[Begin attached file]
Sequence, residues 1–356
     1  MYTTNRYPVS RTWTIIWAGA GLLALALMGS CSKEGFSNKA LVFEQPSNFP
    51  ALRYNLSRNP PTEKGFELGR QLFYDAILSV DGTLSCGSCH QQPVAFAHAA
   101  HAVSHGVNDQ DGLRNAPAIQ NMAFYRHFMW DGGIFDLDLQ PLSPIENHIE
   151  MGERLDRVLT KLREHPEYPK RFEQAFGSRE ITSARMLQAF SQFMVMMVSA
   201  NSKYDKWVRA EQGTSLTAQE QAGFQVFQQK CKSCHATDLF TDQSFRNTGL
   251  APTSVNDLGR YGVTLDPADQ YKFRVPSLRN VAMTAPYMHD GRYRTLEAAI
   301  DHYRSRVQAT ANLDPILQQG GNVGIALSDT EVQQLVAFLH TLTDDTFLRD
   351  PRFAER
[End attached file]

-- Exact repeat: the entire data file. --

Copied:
Sequence, residues 1–356
     1  MYTTNRYPVS RTWTIIWAGA GLLALALMGS CSKEGFSNKA LVFEQPSNFP
    51  ALRYNLSRNP PTEKGFELGR QLFYDAILSV DGTLSCGSCH QQPVAFAHAA
   101  HAVSHGVNDQ DGLRNAPAIQ NMAFYRHFMW DGGIFDLDLQ PLSPIENHIE
   151  MGERLDRVLT KLREHPEYPK RFEQAFGSRE ITSARMLQAF SQFMVMMVSA
   201  NSKYDKWVRA EQGTSLTAQE QAGFQVFQQK CKSCHATDLF TDQSFRNTGL
   251  APTSVNDLGR YGVTLDPADQ YKFRVPSLRN VAMTAPYMHD GRYRTLEAAI
   301  DHYRSRVQAT ANLDPILQQG GNVGIALSDT EVQQLVAFLH TLTDDTFLRD
   351  PRFAER